The Dean machine rolls through the Big Apple

His supporters are all young and white, but in Bryant Park Tuesday the former governor's campaign felt like the real thing.


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Nicholas Thompson
August 27, 2003 10:49PM (UTC)

Howard Dean's bash in Bryant Park last night makes an easy target. The New York City park was packed, but seemingly everyone there was white, under 30 and dressed for a Burlington, Vt., block party. A man selling tie-dyed shirts did brisk business, and the crowd of about 10,000 seemed oddly disconnected from the incredible mix of people and cultures walking New York's streets right nearby, many of whom must have wondered what was going on. Save for the ubiquitous blue signs, "Howard Dean for America," it would have been hard to know that Bryant Park was hosting a presidential candidate last night and not a Hootie and the Blowfish concert.

But even bearing that in mind, it was hard to leave the speech last night without thinking: Wow, this guy can actually win.

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People may have initially been drawn to the doctor and former Vermont governor because he opposed a war that few other powerful people did. But Dean's antiwar stance offers little reason to support him now. Every candidate now criticizes Bush on the war, in particular eviscerating him for the way we got into it. Moreover, Dean is by no means a peace candidate. He methodically explained that he supported the first Gulf War and the obliteration of the Taliban. If elected president, he'd support more wars. Dean even told the audience that it could decide if he was a liberal or not (thus hinting that he'll soon say he isn't) and he dropped his trademark crowd-pleasing line, "I'm here to represent the Democratic wing of the Democratic Party."

The reason 10,000 people gathered in Bryant Park -- and it's hard to imagine a tenth of that many gathering for any of the four candidates now serving in the Senate -- is because Dean looks and acts like a normal human being who just happens to be smart, well-informed and passionate about changing the political system. His establishment opponents, like Joe Lieberman and Dick Gephardt, often seem programmed or pulseless. His left-wing opposition, Dennis Kucinich, seems to have a heart rate of about 350 beats per minute.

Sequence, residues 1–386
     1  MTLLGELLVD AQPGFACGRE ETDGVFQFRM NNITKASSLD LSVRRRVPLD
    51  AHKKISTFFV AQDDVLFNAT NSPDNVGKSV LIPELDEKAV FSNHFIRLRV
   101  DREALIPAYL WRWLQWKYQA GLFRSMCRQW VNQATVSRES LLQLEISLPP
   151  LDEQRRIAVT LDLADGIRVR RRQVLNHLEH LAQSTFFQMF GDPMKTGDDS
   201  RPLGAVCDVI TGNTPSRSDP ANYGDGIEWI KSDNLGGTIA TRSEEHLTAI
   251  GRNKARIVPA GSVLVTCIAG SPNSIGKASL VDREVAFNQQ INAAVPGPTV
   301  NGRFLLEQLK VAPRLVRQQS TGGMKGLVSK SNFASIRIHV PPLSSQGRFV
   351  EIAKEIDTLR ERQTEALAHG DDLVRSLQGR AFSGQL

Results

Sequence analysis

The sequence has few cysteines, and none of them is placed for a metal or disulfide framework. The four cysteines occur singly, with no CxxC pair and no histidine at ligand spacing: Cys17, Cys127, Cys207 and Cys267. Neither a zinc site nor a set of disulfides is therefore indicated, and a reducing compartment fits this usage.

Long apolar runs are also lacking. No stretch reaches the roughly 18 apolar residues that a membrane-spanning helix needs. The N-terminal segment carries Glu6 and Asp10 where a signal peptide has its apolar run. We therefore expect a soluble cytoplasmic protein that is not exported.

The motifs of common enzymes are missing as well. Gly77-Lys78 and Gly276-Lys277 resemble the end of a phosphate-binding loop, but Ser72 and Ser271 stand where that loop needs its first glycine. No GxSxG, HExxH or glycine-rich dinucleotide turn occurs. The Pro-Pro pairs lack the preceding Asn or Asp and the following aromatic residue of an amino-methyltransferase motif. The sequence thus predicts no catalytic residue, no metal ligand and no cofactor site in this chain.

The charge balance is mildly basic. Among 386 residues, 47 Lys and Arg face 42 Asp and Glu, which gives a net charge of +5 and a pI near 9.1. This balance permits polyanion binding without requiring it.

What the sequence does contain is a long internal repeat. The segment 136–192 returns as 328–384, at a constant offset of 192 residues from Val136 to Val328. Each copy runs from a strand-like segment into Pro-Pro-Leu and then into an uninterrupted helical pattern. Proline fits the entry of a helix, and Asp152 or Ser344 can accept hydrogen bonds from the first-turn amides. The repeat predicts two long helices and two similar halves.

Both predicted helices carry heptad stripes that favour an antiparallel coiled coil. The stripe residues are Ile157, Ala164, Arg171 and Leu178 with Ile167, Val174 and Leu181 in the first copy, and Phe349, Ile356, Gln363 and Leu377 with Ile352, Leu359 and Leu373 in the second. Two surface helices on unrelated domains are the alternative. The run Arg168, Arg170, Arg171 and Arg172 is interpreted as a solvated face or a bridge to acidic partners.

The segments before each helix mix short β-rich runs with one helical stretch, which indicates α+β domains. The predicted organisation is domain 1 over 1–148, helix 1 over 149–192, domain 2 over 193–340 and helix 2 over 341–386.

Dean spoke cogently and confidently without notes. He only pandered a bit, and demagogued only a bit more. He ran on issues, not just a biography of having served in Vietnam or grown up the son of a mill worker. He drew big applause whenever he criticized Bush, but stayed well within the lines of political decorum and the ground rules he announced early on when he said, "We're going to have some fun tonight at the president's expense." More important, he added that the speech would be about what he was for: vastly expanded healthcare coverage, affirmative action, environmental protection, broadband access for rural communities, restoring the world's respect for America, and more.

Dean even took a shot at describing how he's going to win the South --- pointing out that Southern states have been electing Republicans for decades and then asking, "Tell me what you have to show for it?" That doesn't sound like a sure winner, but it's not bad. Previously, Dean has told a tale about a Southern World War II survivor who thanked him for Vermont's law allowing civil unions. That odd story was perhaps intended to show that one shouldn't put all Southerners in the same box, but it came across sounding like Dean intended to win South Carolina on the gay vet vote.

Dean is going to have to expand his core supporters, and he probably would have traded the crowd inside of Bryant Park for the one just outside of it: a collage of feisty New Yorkers walking the streets along with a smattering of businessmen peering down into the park from their midtown office windows. Dean is clearly aware of the problem: Last night, he said "When white people and brown people and black people vote together in this country, that's when we make social progress." But the former governor is hauling in money faster than a casino -- his campaign announced it expects to raise a staggering $10.3 million in the three-month period ending Sept. 30 -- is launching TV ads in six new states and has shown few signs of stumbling. There will no doubt be many more rallies, in many more parks, coming soon.


Nicholas Thompson

Nicholas Thompson is a fellow with the New America Foundation. He lives in New York.

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George W. Bush Howard Dean Iraq War

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